• Set up pet care.
    If you have furry friends at home that can’t travel with you, make sure they are well provided for before you leave town. This includes making reservations with local pet sitters, “doggie day care,” kennels or your vet. If it’s your pet’s first time with a pet sitting service, it’s a great idea to set up a meeting in advance with the pet sitter to introduce your pet. If your pet is going to stay outside your home, consider dropping your pet off for a few hours at the “doggie day care” or kennel as a trial before dropping your pet off for a longer stay. If you are considering taking your furry friend along, check out our tips for flying with pets.
  • The following is a pet care checklist:
    • Ensure your pet’s vaccinations are up-to-date.
    • Leave emergency phone numbers, your vet contact info, and your itinerary and contact info while on vacation with the pet sitter.
    • Make sure all medications for your pet and the veterinarian’s phone number are packed with your pet before you leave.
    • Provide the pet sitter with a written summary of your pet’s daily schedule and habits as well as any special instructions.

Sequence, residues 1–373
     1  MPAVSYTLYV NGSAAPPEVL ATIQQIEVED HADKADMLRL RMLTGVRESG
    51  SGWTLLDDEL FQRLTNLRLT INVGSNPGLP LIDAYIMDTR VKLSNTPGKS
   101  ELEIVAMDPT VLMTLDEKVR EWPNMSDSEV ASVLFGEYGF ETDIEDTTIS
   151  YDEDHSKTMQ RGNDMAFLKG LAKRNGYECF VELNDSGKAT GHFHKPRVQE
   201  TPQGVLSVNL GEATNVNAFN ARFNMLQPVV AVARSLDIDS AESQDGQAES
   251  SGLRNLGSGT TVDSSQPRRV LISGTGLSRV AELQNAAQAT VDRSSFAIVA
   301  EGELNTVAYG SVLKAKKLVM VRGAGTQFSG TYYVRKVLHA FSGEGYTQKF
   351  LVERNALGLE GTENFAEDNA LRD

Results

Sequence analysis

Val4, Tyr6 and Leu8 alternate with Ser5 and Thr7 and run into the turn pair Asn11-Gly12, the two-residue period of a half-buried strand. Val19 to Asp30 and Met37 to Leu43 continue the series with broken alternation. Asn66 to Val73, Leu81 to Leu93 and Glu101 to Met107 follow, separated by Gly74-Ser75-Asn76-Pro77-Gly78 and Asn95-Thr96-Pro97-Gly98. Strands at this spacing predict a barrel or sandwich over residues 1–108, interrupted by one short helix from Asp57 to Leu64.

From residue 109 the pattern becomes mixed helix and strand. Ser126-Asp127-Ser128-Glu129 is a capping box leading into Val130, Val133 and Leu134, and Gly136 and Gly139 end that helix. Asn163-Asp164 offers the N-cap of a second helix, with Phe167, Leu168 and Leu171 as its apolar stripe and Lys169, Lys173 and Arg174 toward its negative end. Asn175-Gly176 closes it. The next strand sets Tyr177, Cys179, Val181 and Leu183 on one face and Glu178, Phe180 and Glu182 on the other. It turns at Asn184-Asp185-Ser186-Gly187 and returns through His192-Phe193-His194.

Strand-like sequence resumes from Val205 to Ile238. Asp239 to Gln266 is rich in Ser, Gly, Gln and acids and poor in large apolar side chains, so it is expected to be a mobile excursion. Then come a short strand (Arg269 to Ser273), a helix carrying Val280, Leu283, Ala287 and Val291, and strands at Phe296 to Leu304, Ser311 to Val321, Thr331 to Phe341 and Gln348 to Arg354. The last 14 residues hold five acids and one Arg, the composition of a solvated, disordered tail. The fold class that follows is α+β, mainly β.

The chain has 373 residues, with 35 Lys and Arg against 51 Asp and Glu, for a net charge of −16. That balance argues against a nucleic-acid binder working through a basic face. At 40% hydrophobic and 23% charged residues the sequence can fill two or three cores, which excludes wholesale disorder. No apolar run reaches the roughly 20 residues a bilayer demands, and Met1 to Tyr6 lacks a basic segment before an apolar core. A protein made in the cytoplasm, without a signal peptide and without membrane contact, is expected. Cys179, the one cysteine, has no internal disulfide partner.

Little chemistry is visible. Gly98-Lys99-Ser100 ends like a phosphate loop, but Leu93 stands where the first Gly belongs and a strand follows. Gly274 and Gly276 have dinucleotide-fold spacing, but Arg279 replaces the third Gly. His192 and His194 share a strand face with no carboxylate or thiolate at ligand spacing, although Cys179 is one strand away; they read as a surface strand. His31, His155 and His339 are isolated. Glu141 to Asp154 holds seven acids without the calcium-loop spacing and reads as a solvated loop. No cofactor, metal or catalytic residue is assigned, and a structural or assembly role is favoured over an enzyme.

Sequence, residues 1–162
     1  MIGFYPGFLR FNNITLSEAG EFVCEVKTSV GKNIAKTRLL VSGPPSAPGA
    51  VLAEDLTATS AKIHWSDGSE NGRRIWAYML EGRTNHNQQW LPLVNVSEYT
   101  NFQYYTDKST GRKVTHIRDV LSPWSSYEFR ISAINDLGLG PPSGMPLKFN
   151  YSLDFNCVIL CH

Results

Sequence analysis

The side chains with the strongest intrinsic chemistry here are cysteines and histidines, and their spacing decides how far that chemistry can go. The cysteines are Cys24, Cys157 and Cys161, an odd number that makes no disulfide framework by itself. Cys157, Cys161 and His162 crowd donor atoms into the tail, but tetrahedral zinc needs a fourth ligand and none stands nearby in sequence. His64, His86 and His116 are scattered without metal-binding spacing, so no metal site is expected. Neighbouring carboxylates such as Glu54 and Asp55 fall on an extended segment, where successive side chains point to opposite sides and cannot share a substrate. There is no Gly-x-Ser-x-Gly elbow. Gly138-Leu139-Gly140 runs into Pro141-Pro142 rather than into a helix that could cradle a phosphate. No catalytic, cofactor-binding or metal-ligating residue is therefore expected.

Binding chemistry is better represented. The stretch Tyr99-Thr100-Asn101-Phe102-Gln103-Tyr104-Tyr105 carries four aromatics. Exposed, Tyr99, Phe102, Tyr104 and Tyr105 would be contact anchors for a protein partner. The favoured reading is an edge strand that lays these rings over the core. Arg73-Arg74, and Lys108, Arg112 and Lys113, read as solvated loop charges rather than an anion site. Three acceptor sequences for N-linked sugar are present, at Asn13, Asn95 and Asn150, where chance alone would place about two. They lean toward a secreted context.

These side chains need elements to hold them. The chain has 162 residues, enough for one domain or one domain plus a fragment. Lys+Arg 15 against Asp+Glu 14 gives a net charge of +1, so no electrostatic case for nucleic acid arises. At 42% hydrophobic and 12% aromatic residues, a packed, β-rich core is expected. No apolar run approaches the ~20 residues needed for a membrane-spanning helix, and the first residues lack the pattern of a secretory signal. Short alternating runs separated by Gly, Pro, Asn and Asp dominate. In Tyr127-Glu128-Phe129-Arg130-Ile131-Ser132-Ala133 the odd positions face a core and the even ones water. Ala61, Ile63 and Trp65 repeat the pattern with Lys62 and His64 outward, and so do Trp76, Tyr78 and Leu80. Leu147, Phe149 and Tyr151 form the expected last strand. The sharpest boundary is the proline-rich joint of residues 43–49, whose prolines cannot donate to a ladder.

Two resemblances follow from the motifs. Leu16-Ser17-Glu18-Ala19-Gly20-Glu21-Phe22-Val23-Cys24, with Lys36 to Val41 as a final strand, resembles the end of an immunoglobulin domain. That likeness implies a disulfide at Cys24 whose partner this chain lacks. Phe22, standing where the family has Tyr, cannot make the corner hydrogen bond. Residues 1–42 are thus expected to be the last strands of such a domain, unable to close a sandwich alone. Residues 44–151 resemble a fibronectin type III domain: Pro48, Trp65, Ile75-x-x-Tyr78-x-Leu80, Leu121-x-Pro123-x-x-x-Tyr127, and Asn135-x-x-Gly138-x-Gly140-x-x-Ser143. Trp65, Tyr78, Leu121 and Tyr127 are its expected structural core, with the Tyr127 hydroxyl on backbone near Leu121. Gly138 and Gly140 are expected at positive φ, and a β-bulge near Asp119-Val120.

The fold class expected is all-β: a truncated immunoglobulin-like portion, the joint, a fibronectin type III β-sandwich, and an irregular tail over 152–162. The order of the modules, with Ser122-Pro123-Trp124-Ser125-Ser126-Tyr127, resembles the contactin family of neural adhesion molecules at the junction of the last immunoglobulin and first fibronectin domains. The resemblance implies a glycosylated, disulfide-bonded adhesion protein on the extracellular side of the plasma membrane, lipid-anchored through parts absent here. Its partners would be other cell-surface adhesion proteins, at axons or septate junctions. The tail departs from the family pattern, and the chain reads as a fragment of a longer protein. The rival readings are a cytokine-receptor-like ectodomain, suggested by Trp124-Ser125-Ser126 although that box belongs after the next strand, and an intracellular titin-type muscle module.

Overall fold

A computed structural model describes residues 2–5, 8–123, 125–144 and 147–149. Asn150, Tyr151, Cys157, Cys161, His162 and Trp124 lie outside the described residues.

• If your pet is staying outside your home, be sure to pack ample food (pack more than estimated in case your travels are delayed), medicine, treats and favorite toys. You may want to include a piece of your clothing so your pet can feel comforted in your absence with a reminder of you.
    • Confirm your reservation prior to the trip.
  • Get a house sitter.
    Ask a family member or neighbor to check on your home while you’re away and be on the lookout for any suspicious activity in your absence. Be sure to gift them a souvenir in exchange for watering your plants, keeping an eye on your home and picking up your mail and newspaper. (If you are only away on a short trip or have to travel last minute, it might not be practical to stop or hold all deliveries).
  • Make copies.
    Ever lose your passport or wallet while traveling? It’s not pretty. Avoid as much hassle as possible by making copies of all important documents, including a copy of the contents of your wallet, passport, visas, immunization card and prescriptions, before you go and store them in a safe place on your journey.

    • Do not keep the photocopies with your actual passport. Leave the copies in a safe in the hotel room or in your locked luggage.
    • Leave photocopies at home with somebody you can get in touch with in an emergency.
    • Leave emergency contact information and copies of your passport biographic data page and prescriptions with family and trusted friends.